Andrew P Williams

Old Dominion University
School of Public Service

1920 Tufton Court
Virginia Beach, Virginia
United States
23454 |  Visit Personal Website

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- Information utilization in policy process theories - Applications of complexity sciences in public policy - Organizational collaboration - Policy implementation - Technology and science innovation policy

Williams, A. P. (2010). Implications of operationalizing a comprehensive approach: Defining what interagency interoperability really means. The International C2 Journal, 4(1), 1-30.
Abstract: Recent experiences in the Balkans, Iraq and Afghanistan have demonstrated that these complex challenges cannot be resolved exclusively by military intervention, and are of such scale that no single agency, government or international organisation can manage them alone. A broad, international consensus has emerged that recognises the importance of coherent and simultaneous application of military, political, economic and civil instruments – known as ‘comprehensive approach’ – to resolve crisis situations. However, efforts to implement comprehensive approaches have been fraught with political and administrative challenges, and have suffered due to conceptual ambiguity in the understanding of collective endeavours. By analysing research on command and control, organisational science and public administration, a multi-dimensional model is proposed that can assist military, governmental and non-governmental agency leaders in understanding the practical details of interagency interoperability when working in collective endeavours. The NATO Network Enabled Capability interaction maturity model is extended, in order to understand the actual implications of increasing levels of cooperation on organisational structures and operational practices, in cross-organisational collective efforts. The implications of increasing interagency interoperability are thus revealed.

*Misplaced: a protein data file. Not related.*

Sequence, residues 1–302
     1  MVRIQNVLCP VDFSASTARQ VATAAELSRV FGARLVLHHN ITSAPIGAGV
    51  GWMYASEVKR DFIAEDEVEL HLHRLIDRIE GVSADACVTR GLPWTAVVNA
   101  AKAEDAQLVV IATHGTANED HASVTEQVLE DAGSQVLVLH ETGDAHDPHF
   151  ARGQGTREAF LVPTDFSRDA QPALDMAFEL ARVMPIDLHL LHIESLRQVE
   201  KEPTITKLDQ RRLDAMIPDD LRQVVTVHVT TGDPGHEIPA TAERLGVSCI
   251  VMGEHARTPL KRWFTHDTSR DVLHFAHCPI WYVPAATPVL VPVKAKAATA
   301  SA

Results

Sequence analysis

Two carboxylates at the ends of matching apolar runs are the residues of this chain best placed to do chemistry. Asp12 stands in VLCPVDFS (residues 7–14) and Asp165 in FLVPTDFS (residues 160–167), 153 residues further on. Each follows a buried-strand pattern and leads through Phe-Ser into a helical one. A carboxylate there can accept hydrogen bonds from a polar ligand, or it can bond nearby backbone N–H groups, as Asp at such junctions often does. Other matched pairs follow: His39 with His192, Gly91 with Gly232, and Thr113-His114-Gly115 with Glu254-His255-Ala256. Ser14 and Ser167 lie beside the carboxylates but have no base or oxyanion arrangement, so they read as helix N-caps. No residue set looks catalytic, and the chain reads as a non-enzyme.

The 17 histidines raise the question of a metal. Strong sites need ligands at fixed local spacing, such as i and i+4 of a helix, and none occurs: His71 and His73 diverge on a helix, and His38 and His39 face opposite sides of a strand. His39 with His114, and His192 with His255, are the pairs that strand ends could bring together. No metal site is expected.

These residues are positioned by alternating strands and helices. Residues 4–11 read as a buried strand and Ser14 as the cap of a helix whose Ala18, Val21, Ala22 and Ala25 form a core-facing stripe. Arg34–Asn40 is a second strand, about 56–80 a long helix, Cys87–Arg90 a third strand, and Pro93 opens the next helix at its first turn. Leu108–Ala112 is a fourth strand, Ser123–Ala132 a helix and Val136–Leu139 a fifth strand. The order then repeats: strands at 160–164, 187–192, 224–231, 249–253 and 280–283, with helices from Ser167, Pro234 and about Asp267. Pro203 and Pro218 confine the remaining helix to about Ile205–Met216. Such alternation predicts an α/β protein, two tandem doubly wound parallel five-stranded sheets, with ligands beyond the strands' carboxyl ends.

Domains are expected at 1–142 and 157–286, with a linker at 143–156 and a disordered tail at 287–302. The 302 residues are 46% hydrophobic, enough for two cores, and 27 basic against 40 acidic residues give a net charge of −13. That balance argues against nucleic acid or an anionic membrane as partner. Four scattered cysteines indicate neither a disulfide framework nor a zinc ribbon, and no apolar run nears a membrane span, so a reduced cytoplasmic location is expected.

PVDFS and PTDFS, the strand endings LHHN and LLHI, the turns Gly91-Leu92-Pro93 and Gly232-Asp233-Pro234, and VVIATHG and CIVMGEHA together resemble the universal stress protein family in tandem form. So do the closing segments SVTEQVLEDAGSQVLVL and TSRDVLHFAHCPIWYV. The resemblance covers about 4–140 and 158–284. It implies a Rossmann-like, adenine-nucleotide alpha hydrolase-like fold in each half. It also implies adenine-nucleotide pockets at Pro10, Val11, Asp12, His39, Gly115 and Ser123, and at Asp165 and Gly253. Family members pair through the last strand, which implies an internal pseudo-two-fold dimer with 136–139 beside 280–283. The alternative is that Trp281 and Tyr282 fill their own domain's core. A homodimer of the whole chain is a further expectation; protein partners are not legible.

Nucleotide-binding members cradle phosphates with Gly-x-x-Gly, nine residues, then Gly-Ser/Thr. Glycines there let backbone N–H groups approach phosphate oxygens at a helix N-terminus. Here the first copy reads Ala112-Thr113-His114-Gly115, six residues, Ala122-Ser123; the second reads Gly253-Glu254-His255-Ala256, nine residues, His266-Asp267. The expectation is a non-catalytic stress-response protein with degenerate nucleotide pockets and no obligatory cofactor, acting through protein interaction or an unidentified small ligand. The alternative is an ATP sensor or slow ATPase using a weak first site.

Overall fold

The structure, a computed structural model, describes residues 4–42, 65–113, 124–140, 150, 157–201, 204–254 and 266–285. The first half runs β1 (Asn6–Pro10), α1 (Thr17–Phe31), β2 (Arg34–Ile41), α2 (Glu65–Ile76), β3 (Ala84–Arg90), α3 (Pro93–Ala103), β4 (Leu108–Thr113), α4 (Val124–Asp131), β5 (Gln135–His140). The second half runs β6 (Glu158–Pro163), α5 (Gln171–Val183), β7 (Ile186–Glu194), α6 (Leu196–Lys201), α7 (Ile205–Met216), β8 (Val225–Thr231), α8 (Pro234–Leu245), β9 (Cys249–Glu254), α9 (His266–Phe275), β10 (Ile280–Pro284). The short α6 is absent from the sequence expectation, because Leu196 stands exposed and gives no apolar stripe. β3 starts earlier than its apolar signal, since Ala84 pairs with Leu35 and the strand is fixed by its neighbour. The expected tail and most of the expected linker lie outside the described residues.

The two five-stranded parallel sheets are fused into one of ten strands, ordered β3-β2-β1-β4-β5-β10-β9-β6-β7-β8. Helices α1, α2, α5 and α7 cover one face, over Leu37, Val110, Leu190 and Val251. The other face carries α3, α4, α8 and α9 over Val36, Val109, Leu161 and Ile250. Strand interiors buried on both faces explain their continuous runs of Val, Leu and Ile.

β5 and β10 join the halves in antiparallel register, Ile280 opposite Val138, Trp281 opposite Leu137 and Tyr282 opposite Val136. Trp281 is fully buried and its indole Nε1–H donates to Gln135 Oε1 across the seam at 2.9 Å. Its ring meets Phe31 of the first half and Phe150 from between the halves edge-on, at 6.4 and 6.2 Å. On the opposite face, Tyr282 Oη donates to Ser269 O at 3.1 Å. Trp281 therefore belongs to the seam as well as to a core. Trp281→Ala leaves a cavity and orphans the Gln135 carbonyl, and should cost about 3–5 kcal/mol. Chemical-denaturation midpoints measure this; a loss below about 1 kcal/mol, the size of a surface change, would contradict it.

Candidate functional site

Williams, A. P., & Morris, J. C. (2009). Theory-based evaluation in the military: Theory on the front-line. American Journal of Evaluation, 30(1), 62-79.
Abstract: The use of theory-driven evaluation is an emerging practice in the military—an aspect generally unknown in the civilian evaluation community. First developed during the 1991 Gulf War and applied in both the Balkans and Afghanistan, these techniques are now being examined in the North Atlantic Treaty Organisation (NATO) as a means to evaluate the effects of military operations in complex, asymmetric conflict environments. In spite of these practices, theory-driven evaluation in the military is still in the developmental stages. This article traces the development to date of theory-driven evaluation in NATO and assesses its strengths and weaknesses in the military context. We conclude that a cross-pollination of ideas between military and civilian evaluators is urgently needed to improve the quality and effectiveness of military evaluation.

Substantive Focus:
Defense and Security SECONDARY
International Relations
Science and Technology Policy PRIMARY

Theoretical Focus:
Policy Process Theory PRIMARY
Agenda-Setting, Adoption, and Implementation SECONDARY
Policy Analysis and Evaluation